Bad Homburg is close to Frankfurt so taking the train makes it an easy excursion if you are staying in the city. It is also right off the A-5 Autobahn so if you are driving, this is an easy way to get there as well.
Since we live in the area, we drove to Bad Homburg. There are plenty of parking areas for a fee; however, we were fortunate to be there on a Sunday and parked in an area that did not charge on Sunday. If you are looking for parking, be careful not to park in areas where only residents (Bewohner) are allowed to park or you may find yourself with a ticket at the end of the day.
Bad Homburg is a popular place and I can imagine that if you are coming on a holiday or for a festival that parking would be difficult. During those times, it is most likely a better idea to take the train.
If you are visiting Saalburg, the Roman fortress near Bad Homburg, the train does not have a stop there. Buses are available or, if you are driving, there is plenty of free parking.
The quickest and easiest way to get to Bad Homburg by public transport is to take the S-5 suburban train (S-bahn) from Frankfurt. It takes about 30 minutes from the main station. The interesting sights, like the old town, the castle and the park, are quite a walk from the station. But they are easy to find.
1. Bicycle route signs near the Bad Homburg City Hall.
2. Bicycle route signs at the U2 station in Gonzenheim.
3. Cyclist in Bad Homburg, Obergasse.
4. Cyclist in Bad Homburg, Dorotheenstraße.
There is certainly no lack of bicycle-route signs in Bad Homburg, but putting up signs is the easy part.
The bicycle lanes themselves tend to lag behind, not for lack of money but because the affluent city of Bad Homburg is very car-oriented. Many or most city officials evidently have trouble imagining any sort of mobility that does not involve using a fat German car. (OK, this is not only a Bad Homburg problem.)
Update: On May 10, 2009, voters in Bad Homburg astounded everyone by electing a member of the Green Party as their new mayor -- after 61 consecutive years of nothing but conservative mayors from the Christian Democratic Union (CDU). So maybe there will be some changes, especially since the new mayor-elect won by a comfortable margin: in a run-off election he got 59.5 % of the votes, and the CDU incumbent only got 40.5 %.
1. Buses at the Kurhaus in the center of Bad Homburg.
2. In a bus in Bad Homburg.
3. Information screen in the number 1 bus, showing the next four stops.
Bad Homburg had a tram system from 1899 to 1971, but now public transport within the city is provided exclusively by buses.
Inside the buses there are information screens (which work most of the time) showing the next three or four stops.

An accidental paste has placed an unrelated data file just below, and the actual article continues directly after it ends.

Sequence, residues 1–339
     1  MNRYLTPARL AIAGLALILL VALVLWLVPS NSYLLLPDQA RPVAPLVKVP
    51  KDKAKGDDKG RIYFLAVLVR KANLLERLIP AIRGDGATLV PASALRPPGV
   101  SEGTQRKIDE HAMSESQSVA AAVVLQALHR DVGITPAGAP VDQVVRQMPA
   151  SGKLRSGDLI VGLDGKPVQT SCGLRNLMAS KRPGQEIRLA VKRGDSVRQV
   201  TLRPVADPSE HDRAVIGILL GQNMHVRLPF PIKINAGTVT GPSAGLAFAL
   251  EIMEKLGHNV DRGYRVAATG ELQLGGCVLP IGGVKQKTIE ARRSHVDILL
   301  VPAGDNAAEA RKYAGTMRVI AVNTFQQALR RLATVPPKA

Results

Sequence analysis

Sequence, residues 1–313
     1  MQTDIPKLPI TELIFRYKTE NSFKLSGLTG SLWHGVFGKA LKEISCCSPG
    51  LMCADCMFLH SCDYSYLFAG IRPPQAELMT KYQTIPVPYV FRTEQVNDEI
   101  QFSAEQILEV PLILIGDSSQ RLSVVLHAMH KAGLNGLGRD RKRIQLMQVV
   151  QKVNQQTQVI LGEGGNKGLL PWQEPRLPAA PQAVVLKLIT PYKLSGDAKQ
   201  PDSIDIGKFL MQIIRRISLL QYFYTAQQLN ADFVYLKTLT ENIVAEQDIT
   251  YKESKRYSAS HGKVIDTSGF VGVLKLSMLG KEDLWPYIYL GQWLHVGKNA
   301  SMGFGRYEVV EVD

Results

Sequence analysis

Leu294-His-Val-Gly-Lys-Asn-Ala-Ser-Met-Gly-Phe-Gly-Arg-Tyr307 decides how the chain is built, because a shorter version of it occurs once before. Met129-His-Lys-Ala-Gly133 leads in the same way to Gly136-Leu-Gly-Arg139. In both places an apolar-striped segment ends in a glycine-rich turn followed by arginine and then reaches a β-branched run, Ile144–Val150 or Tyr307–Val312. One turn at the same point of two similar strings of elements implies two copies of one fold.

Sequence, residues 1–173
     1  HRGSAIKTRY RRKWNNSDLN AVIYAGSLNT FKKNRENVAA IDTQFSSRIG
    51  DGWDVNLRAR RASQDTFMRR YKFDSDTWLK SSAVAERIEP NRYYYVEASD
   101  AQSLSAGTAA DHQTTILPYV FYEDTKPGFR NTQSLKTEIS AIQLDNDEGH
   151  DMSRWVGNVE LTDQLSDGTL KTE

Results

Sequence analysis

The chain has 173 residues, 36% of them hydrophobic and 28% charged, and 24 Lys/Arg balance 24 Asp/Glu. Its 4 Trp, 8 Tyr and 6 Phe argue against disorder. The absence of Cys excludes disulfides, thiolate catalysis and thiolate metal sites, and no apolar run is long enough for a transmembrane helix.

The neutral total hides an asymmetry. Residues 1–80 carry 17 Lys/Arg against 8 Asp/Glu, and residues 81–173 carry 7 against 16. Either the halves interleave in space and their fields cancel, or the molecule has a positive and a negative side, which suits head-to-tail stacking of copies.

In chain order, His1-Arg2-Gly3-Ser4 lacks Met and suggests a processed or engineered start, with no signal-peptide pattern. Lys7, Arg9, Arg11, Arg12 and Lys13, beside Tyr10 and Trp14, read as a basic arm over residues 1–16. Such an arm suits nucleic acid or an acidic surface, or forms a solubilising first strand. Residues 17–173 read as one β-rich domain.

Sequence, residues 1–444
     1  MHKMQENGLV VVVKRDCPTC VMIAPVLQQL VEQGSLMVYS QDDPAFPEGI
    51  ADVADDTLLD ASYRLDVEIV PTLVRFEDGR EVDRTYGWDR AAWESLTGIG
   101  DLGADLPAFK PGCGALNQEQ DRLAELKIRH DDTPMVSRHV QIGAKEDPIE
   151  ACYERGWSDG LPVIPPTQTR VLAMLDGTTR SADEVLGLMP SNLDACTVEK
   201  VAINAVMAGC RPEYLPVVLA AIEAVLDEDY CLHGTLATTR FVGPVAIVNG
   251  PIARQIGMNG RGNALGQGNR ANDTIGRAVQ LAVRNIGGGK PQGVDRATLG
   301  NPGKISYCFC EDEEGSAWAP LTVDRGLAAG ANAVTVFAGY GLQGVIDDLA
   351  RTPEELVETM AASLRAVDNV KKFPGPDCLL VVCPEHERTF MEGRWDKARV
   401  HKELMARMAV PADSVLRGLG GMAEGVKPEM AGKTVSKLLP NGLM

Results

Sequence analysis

At some of the major bus stops the city has also started installing screens which are intended to provide real-time information about when buses from each line will arrive, but this system is rather new and functions only intermittently so far.
1. Bad Homburg railroad station at dusk.
2. Tracks and an HLB train at the Bad Homburg station.
The railroad station in Bad Homburg was built from 1905 to 1907 and included a separate reception hall for the German emperor Wilhelm II, who used Bad Homburg as his summer residence, and other crowned heads of state such as the Tsar of Russia and the King of Siam.
Like most railroad stations in Germany, the one in Bad Homburg was neglected for many years by the mismanaged railway system Deutsche Bahn (DB), which allowed it to fall into a sorry state of disrepair. In 2007 the city of Bad Homburg succeeded in buying the station, which it has since renovated.
The train in the second photo is not a DB train but belongs to the Hessische Landesbahn (HLB), which runs the Taunusbahn from Bad Homburg to places like Usingen, Grävenwiesbach and Brandoberndorf.
GPS 50°13'12.61" North; 8°37'15.89" East
1. In the suburban train S5 to Bad Homburg
2. Subway line U2 at Bad Homburg-Gonzenheim
There are two train lines between Frankfurt am Main and Bad Homburg.
On weekdays the S5 suburban trains run four times an hour in each direction, from Frankfurt South Station to the Bad Homburg railway station. Every second train continues on from Bad Homburg to Friedrichsdorf.
In addition, the Frankfurt subway line U2, using completely different tracks, runs every twenty minutes during the day and every ten minutes at peak periods between Frankfurt South Station and the current end-stop in Bad Homburg-Gonzenheim.
The U2 operated for many years as a tram line which went all the way to the Bad Homburg station, but was shortened when the line was incorporated into the then-new Frankfurt subway system in 1971.
Now there are plans to extend the U2 once again to the Bad Homburg station, with construction scheduled to begin in 2010.